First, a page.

Homeless vet who starred in makeover clip arrested
Updated On: Nov 21 2013 10:49:54 AM EST
A homeless veteran whose makeover video has been viewed 15 million times online was arrested for causing a disturbance at a Burger King in Grand Rapids.
James Allen Wolf was arrested Sunday at the fast-food restaurant and pleaded guilty Monday to misdemeanor charges of trespassing and creating a disturbance. A judge ordered Wolf to serve 10 days in jail on each charge.
The time-lapse, videotaped makeover brought international attention to the 54-year-old veteran. Rob Bliss worked with Degage Ministries to bring about Wolf's physical transformation.
The video shows an unkempt Wolf transform into a sharp-dressed, clean-shaven man.
The Grand Rapids Press reports Wolf began attending Alcoholic Anonymous and took steps toward having his own place to stay after taking part in the shoot earlier this year.
There are hundreds of 'Jims,' sister says
After 25 years, Robin Thomas had just about lost hope.
Her brother, Jim Wolf, suffers from depression, alcoholism, unresolved grief and chronic homelessness, she says. No one disputes Wolf has been arrested dozens and dozens of times, mostly for misdemeanors such as public intoxication. Thomas says her brother "lives in survival mode" and nearly died after an altercation with a bouncer left him with a crushed sternum and broken foot, she says.
Recently, Wolf was featured in a fundraising video created by Rob Bliss for Dégagé Ministries. The group provides shelter, meals and other services daily to more than 400 homeless people in Grand Rapids, Michigan. Wolf is one of their regular clients.
The video features Wolf getting a makeover that included a haircut with highlights, beard grooming and a beautiful new suit. The video received more than 14 million views in just a few weeks and helped raise more than $30,000 for Dégagé Ministries.
Bliss says his hope was for the makeover to provide a start down a new path.
Thomas says Wolf has started on that path before.
"It's our hope he'll take steps," Thomas says. "The makeover took a couple of hours. He's had alcoholism for 25 years."
Wolf joined the U.S. Army at age 18 and spent a few years in the National Guard. Thomas says Wolf trained to deploy with an infantry unit but never deployed. She doesn't know exactly how many years he served.
The nation's homeless veterans are predominantly male, according the Department of Veterans Affairs. The majority are single, live in urban areas and suffer from mental illness, alcohol and/or substance abuse, or co-occurring disorders. About 13% of the adult homeless population are veterans.
Thomas says Wolf never saw combat; she suspects the life event that continues to haunt him was the sudden death of their mother. But that, his sister says, was years ago.
Neither Thomas nor Bliss seemed surprised or anxious when Wolf was arrested shortly after the video was released. That Wolf is drinking but not using drugs is something of a relief.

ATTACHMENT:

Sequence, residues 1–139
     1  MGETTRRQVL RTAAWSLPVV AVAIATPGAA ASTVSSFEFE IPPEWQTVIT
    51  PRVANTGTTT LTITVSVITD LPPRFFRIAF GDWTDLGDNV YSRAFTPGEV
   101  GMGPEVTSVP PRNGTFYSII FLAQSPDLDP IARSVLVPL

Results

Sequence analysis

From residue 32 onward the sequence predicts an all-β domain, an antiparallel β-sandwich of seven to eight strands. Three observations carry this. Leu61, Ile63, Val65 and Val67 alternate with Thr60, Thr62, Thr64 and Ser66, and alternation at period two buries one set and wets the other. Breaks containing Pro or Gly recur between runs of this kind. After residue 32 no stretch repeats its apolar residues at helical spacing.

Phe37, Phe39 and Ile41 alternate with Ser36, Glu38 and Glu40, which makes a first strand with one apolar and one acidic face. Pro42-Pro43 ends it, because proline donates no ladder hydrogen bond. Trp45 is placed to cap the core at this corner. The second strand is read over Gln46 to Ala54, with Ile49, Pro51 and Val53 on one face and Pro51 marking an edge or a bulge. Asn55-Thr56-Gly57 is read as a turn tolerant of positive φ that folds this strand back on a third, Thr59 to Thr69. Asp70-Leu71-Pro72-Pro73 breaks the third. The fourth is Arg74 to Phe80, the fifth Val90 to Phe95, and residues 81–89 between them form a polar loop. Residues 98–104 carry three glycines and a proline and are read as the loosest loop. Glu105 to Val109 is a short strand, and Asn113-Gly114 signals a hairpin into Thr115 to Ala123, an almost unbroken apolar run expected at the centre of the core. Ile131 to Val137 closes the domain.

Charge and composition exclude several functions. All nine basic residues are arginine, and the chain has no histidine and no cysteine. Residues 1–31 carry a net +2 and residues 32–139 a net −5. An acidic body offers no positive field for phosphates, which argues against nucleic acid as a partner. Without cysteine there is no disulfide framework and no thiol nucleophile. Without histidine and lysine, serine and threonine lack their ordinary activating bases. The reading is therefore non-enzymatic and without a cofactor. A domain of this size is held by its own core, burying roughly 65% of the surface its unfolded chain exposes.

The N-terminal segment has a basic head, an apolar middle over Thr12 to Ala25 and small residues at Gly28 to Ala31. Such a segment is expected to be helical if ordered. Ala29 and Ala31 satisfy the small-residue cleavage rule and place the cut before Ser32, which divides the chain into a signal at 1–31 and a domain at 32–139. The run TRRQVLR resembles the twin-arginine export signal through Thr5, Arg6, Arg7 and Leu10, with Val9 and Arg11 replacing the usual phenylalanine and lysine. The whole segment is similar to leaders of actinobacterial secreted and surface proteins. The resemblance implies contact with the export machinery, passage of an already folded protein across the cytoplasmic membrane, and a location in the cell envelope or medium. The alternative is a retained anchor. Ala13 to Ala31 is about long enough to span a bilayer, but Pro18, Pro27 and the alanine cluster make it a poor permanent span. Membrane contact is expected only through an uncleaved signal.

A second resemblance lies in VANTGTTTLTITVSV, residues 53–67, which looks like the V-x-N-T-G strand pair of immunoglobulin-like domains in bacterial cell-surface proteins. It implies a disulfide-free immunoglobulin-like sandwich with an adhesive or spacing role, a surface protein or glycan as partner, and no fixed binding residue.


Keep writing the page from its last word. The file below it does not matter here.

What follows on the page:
"If he gets arrested fewer times this year than last, that's progress," Bliss says.
Thomas agrees. She doesn't take responsibility for Wolf or make excuses for him. When speaking of her brother, she seems quiet, respectful and a bit sad. She knows he is not the same big brother who was there for her growing up. She doesn't question why her three other brothers have been less involved in helping Wolf than she is. She says Wolf is a great guy, has always been a great guy, but he's never dealt with the reality of the havoc he's created.
Since the video was posted, people have shown willingness to help in various ways, Bliss and Thomas say. Dentists, rehabilitation facilities and doctors have offered assistance. Wolf was recently interviewed for a spot at a long-term residential treatment facility and received a complete physical, Thomas said. This week, he visited the hairstylist who cut his hair in the video for a trim.
"He shows people his picture in the paper," Thomas says. "He's always sought attention, whether it's by telling a joke or leaving a cabinet door open while passing through the kitchen."
She knows all these things are good things. She also admits that perhaps the video did not give Wolf the "glimpse into the future" that others had hoped. He did not view it as a life-changing event, Thomas says.
Walking into Dégagé Ministries this week, Thomas says, she had the sudden realization that the day center held "300 Jims."
"My hope for him is to get clean and sober," she said, "then get help with his depression. And for him to gain back hopefulness. I think he's hopeless. I don't think he can see the trees through the forest."
As for the rest of us who will click on the video, then later in the day walk by a man or woman holding a sign, or huddling in a cardboard box, Thomas hopes we will be willing to extend a hand of support instead of a dollar bill.
"Volunteer to give them some purpose. Talk to them. Have a simple conversation," she said. "I may have almost lost hope, but I will never give up."